The student news site of Carlmont High School in Belmont, California.

Scot Scoop News

The student news site of Carlmont High School in Belmont, California.

Scot Scoop News

The student news site of Carlmont High School in Belmont, California.

Scot Scoop News

China’s coal ban could affect American consumerism

Eustace Bagge/CC BY-SA 3.0/,_Genova,_19-12-2011.JPG
Australian coal has been stationed at Chinese shipping ports since October, 2021, and is still waiting to be released.

After banning Australian coal imports last year, China is facing one of its worst power crunches. 

After Australia announced an investigation on the origins of COVID-19 last year, China placed an informal ban on many of its Australian imports. 

Initially, Australia struggled with losing one of its largest consumer bases, but the country didn’t suffer too long. Due to the skyrocketing expenses of clean energy, nations like Japan, India, and the Koreas have been looking for cheap substitutes, like coal. 

China, on the other hand, initially remained unaffected by this decision. Being the world’s largest producer of coal itself, China had sufficient stocks. However, in early October, China’s largest coal-producing region, the Shanxi province, was hit by severe flooding, which washed away much of its reserves.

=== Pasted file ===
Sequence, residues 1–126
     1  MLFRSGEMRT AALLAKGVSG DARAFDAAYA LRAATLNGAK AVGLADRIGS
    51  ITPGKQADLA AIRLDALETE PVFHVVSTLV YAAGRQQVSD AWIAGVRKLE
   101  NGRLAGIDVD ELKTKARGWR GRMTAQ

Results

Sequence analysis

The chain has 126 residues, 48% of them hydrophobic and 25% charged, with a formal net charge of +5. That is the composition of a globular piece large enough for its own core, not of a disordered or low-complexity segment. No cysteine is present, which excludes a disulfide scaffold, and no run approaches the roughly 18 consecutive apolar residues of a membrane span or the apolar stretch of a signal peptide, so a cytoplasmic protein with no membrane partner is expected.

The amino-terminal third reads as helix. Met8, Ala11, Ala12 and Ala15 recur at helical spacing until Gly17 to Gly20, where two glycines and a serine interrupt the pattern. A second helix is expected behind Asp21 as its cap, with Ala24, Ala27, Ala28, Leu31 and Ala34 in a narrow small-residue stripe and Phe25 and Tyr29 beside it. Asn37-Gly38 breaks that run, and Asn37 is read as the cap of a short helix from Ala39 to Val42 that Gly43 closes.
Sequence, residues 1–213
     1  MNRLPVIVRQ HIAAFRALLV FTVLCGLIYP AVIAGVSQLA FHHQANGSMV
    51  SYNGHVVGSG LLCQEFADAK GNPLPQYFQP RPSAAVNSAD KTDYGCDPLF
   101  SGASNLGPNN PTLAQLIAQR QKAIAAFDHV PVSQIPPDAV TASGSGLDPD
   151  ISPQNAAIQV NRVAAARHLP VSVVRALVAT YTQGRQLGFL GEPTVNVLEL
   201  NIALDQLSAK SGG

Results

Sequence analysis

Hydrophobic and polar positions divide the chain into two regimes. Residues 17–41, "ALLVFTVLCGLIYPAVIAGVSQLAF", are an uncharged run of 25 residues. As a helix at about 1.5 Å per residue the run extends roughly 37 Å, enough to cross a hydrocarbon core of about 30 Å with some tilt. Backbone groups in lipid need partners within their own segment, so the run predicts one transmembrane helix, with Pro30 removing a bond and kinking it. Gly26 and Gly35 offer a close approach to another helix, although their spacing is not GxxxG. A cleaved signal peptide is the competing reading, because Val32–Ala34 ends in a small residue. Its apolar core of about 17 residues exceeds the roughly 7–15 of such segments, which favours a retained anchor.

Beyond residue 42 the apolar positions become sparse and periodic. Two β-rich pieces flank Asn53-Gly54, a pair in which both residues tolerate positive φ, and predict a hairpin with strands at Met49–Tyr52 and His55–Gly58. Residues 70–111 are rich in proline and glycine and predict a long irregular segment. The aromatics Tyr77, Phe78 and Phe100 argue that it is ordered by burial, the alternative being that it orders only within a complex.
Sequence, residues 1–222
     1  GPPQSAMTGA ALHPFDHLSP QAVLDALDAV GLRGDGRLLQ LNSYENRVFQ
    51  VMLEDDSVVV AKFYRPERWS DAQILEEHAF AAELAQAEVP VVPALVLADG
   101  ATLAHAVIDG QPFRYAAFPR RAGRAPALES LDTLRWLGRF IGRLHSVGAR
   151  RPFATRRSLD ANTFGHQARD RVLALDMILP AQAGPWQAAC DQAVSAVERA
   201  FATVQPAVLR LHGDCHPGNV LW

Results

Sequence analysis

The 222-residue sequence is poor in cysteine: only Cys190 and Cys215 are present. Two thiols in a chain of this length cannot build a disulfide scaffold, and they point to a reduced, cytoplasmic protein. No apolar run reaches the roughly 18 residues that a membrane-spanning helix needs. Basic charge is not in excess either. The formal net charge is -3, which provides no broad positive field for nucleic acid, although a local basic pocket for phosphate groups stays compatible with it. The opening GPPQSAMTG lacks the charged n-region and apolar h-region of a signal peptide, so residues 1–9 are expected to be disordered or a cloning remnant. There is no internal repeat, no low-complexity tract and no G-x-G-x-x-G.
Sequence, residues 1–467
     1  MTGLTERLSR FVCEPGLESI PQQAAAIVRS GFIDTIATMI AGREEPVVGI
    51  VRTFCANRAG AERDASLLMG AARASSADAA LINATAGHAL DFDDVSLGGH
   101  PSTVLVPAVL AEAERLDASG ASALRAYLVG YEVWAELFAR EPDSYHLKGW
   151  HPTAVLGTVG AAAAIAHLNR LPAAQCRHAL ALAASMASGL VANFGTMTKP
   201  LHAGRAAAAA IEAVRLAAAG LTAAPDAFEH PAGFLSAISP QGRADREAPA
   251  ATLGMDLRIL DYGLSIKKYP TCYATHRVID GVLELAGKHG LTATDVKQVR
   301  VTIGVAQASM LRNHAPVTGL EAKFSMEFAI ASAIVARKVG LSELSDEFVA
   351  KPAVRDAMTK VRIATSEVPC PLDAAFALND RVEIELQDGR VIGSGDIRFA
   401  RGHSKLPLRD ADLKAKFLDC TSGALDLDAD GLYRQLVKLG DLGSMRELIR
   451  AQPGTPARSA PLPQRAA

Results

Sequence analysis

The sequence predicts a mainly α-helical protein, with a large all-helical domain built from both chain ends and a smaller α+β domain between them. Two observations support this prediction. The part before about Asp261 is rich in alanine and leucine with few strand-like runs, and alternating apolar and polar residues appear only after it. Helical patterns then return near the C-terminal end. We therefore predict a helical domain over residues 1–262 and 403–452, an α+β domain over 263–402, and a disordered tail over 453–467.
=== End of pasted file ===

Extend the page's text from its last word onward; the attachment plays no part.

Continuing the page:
“China doesn’t have coal reserves to produce energy for the next 14 to 15 months. They are starting to look to their neighbors for the resources they need,” said Inderpreet Walia, a senior markets reporter for Lloyd’s List. 

With the floods causing power outages, not just in Shanxi but across the country, China has turned to Indonesia, Mongolia, and the U.S. as new coal suppliers.

Due to the cost of coal in other countries, the United States appears to be China’s best option. Trade between the countries won’t only benefit China, but the U.S. too.

“America’s coal industry is dying … the trade of coal will at least temporarily revive the industry. This is something to look forward to for the American people living in coal states like Wyoming and West Virginia,” said Ken Silverstein, a West Virginian senior contributor and energy writer for Forbes. 

Trade with China could not only reopen the coal industry in America, but it could revive other industries as well. Companies ranging from Starbucks to Apple could advance in China, and Chinese companies could reach the American market.

“Hopefully, the new trade will bring the U.S. and China to realize that while they are competitors, they need each other to survive. It is possible that China may also start increasing trade with the U.S. and will remove tariffs. It would be beneficial for both the United States and China to increase trade with each other,” Silverstein said. 

However, it’s possible that China won’t be able to rely on the U.S. forever.

American coal is more expensive than Australia’s, which won’t be the most efficient or cost-effective solution for China in the long run. 

“While China can temporarily buy coal from the U.S. or its neighboring Asian countries, it wouldn’t be in their best interest to do so. At some point, they will have to return to Australia,” Walia said. 

Despite the dire situation, it is doubtful that this will be the end of the still-rising superpower.